Three recent settlements between very different employers and the US Department of Justice have highlighted the need for employers to be mindful of the complex interplay between export control laws and anti-discrimination provisions in US immigration laws.

In all three cases, the DOJ’s Immigrant and Employee Rights Section (IER) settled claims against employers alleged to have violated the anti-discrimination provisions of the Immigration and Nationality Act (INA) by limiting positions involving sensitive data governed by the International Traffic in Arms Regulations (ITAR) and the Export Administration Regulations (EAR) only to US citizens and/or lawful permanent residents, and failing to open such positions to US nationals, asylees and refugees, as is required by law.

This alert explains that employers – including law firms – may not limit positions where the employee will have access to ITAR and EAR controlled technology only to US citizens, but rather must also open such positions to US nationals, lawful permanent residents, asylees and refugees. Further, an employer may also choose to hire a foreign national who is authorized to work in the United States and then apply for the appropriate export control license to allow that foreign national to hold the position in question. It’s not easy or intuitive to comply with both sets of laws!

DOJ Settles Discrimination Claims Against A Manufacturing Company, a Law Firm and an Engineering Firm for Failing to Open Positions to US nationals, Asylees and Refugees.

In three recent settlements, the DOJ settled claims against employers who had restricted positions governed by the EAR or ITAR to US citizens or lawful permanent residents, and had failed to open these positions to US nationals, asylees and refugees, as is required by law.

Last summer, a US subsidiary of a British law firm reached a settlement after the DOJ had determined that there was reasonable cause to believe that from March 30, 2017 until at least July 7, 2017, the law firm had restricted its staffing for 36 positions on a limited-duration document review project based on citizenship status. The DOJ determined that the law firm had excluded otherwise qualified non-US citizens and dual US citizens from document reviewer positions, based on the law firm’s good faith efforts to comply with the ITAR’s data restrictions. The Department also found that the law firm had improperly terminated or removed three individuals from their positions based on their citizenship status. Under the settlement, the law firm:

  • Was ordered to pay lost wages to three individuals who were removed from the project;
  • Agreed to pay a $132,000 civil penalty to the United States;
  • Agreed to train relevant employees about the requirements of the INA’s discrimination provision, inform clients who request citizenship status restrictions for staff of the INA’s requirements;
  • Agreed to review its policies for hiring and firing based on citizenship status and national origin; and
  • Is subject to departmental monitoring and reporting requirements for two years.

Notably, the DOJ rejected the law firm’s good faith argument, observing that “8 U.S.C. § 1324b does not provide, nor does the jurisprudence under the law recognize, a good faith exception to the general prohibition against discrimination on the basis of citizenship status or national origin[.]”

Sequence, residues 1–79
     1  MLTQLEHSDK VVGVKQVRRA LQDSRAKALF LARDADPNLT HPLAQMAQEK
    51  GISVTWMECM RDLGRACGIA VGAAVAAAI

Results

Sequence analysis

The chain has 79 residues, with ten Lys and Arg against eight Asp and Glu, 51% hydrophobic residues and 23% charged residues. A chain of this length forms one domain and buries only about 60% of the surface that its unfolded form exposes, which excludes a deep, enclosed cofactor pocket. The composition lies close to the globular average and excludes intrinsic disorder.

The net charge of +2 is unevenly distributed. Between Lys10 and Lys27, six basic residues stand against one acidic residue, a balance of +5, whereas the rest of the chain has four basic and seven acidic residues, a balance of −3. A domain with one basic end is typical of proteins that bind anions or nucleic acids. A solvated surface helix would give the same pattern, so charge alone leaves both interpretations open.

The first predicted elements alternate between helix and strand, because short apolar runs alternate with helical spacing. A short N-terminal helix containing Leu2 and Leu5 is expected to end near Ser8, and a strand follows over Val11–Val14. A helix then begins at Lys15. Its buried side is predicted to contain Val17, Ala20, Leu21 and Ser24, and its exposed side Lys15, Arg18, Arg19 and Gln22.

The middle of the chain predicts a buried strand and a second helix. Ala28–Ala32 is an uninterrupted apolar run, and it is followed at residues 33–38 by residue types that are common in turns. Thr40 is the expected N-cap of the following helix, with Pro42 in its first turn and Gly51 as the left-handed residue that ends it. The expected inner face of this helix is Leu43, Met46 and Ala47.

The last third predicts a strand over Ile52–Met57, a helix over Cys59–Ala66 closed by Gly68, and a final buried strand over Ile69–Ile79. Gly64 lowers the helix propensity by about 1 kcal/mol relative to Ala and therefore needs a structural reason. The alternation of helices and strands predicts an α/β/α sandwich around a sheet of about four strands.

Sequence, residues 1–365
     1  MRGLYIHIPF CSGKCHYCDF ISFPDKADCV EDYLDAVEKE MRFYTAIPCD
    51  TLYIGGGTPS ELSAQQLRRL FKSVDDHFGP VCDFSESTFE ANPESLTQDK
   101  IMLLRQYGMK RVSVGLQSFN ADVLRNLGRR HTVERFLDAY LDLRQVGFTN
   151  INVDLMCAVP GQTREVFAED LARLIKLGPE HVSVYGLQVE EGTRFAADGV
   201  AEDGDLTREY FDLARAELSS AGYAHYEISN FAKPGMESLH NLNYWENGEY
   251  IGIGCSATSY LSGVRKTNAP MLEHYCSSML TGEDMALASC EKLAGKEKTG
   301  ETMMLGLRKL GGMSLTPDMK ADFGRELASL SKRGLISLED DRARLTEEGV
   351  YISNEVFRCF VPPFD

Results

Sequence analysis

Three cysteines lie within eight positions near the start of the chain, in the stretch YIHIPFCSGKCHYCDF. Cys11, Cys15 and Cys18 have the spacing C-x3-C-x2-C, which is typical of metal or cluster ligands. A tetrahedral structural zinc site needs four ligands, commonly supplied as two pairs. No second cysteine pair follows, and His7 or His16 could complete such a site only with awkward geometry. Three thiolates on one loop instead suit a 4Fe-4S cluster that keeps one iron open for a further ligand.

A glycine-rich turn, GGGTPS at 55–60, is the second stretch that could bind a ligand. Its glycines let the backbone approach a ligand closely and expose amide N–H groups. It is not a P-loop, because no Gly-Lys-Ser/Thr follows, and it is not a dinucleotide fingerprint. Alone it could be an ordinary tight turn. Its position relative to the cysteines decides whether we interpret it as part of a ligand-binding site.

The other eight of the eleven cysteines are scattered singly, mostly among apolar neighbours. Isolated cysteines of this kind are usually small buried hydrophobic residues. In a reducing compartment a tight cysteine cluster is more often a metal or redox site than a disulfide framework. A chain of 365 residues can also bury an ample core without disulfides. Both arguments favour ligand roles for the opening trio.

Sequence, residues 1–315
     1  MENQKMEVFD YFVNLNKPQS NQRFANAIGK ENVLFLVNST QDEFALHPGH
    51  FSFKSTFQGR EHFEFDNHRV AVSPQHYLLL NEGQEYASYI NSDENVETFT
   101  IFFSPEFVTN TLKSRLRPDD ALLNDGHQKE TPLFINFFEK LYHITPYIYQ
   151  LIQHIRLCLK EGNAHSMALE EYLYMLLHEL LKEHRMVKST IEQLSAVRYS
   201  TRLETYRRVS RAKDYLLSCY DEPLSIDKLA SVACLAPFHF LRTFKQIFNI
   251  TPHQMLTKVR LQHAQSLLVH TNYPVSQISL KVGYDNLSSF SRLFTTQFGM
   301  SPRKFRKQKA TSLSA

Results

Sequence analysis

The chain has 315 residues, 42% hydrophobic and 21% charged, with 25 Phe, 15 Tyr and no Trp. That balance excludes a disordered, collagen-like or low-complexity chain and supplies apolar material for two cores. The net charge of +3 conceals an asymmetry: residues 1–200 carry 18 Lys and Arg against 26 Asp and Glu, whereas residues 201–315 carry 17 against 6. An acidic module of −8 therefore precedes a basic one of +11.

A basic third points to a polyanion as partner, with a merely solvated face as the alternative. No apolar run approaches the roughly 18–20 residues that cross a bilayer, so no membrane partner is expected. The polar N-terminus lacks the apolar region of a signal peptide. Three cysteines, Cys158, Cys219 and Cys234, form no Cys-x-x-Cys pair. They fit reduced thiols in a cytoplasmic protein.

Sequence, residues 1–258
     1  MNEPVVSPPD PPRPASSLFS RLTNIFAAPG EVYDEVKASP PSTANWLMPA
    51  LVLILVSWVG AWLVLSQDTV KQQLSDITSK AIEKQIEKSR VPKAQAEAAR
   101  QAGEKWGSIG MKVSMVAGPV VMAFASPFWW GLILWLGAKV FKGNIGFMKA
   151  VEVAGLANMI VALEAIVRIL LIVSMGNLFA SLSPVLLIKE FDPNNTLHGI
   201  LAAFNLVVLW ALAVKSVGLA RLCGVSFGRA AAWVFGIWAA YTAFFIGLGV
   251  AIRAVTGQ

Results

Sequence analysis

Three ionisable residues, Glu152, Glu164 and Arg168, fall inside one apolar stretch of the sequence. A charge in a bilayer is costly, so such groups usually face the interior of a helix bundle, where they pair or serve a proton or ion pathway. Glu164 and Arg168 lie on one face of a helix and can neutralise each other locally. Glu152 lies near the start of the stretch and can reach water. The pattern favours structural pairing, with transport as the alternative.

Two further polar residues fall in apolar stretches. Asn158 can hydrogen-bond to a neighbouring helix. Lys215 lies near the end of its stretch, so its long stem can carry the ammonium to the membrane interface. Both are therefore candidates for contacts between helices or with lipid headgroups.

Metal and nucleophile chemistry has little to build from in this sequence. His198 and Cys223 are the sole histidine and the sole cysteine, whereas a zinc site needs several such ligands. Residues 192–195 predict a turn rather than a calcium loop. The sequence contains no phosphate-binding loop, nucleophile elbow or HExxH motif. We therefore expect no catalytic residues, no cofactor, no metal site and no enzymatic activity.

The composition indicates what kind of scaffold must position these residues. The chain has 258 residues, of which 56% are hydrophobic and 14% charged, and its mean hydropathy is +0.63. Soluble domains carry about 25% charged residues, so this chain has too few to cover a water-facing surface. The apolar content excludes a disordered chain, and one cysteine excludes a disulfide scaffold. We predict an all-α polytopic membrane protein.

More recently, on February 1, the US Department of Justice reached a settlement with a manufacturing company regarding a claim that the company had restricted certain jobs to US citizens and lawful permanent residents in violation of the INA’s anti-discrimination in 8 U.S.C. § 1324b. The DOJ had determined that it had reasonable cause to believe that between August 2015 and December 2016, the company had posted at least 25 job announcements that required applicants to be either lawful permanent residents and/or US citizens based on an apparent misunderstanding of the ITAR and EAR’s requirements. The jobs had been posted on the company’s website and several third-party websites.

Under the terms of the settlement, the company agreed:

  • To pay a civil penalty of $44,626;
  • Not to discriminate on the basis of citizenship, immigration status or national origin in violation of 8 U.S.C. §1324b; and
  • To review its hiring and firing requirements based on citizenship or foreign national status.

Furthermore, the agreement required employees who had any role in hiring or recruiting processes to attend training on the INA’s anti-discrimination provision and ensure that trained personnel review future job advertisements. Finally, the company is subject to ongoing monitoring by the DOJ to determine its compliance with the settlement agreement during the term of the agreement.

Finally, in June 2018, the DOJ settled an immigration-related discrimination claim against an engineering company. The DOJ found that from August 2015 to June 2017, the company had had an unlawful policy of hiring only US citizens for professional positions and refusing to consider otherwise qualified non-US citizens based on the company’s erroneous understanding of the ITAR’s requirements. Under the settlement, the company agreed:

  • Not to discriminate based on citizenship or immigration status and should review its hiring and firing policies based on citizenship status and national origin;
  • To pay a $17,475 civil penalty;
  • To train its employees who have any role in recruiting or hiring on the requirements of the INA’s anti-discrimination provision;
  • To review its hiring and firing policies based on citizenship status and national origin; and
  • To be subject to departmental monitoring and reporting requirements.

The ITAR and EAR Limit Access to Certain Sensitive Information to “US Persons”

The ITAR regulates specific exports of defense articles and services, and limits access to certain sensitive information to “US persons” unless the State Department has issued a license or other authorization. In turn, the EAR regulates commercial goods and technology that could have military or other sensitive applications and, depending on the export classification of the technology in question, may require a license or other authorization from the Department of Commerce to employ a non-US person or (in most cases) not Canadian. The term “US person” in the ITAR or EAR means: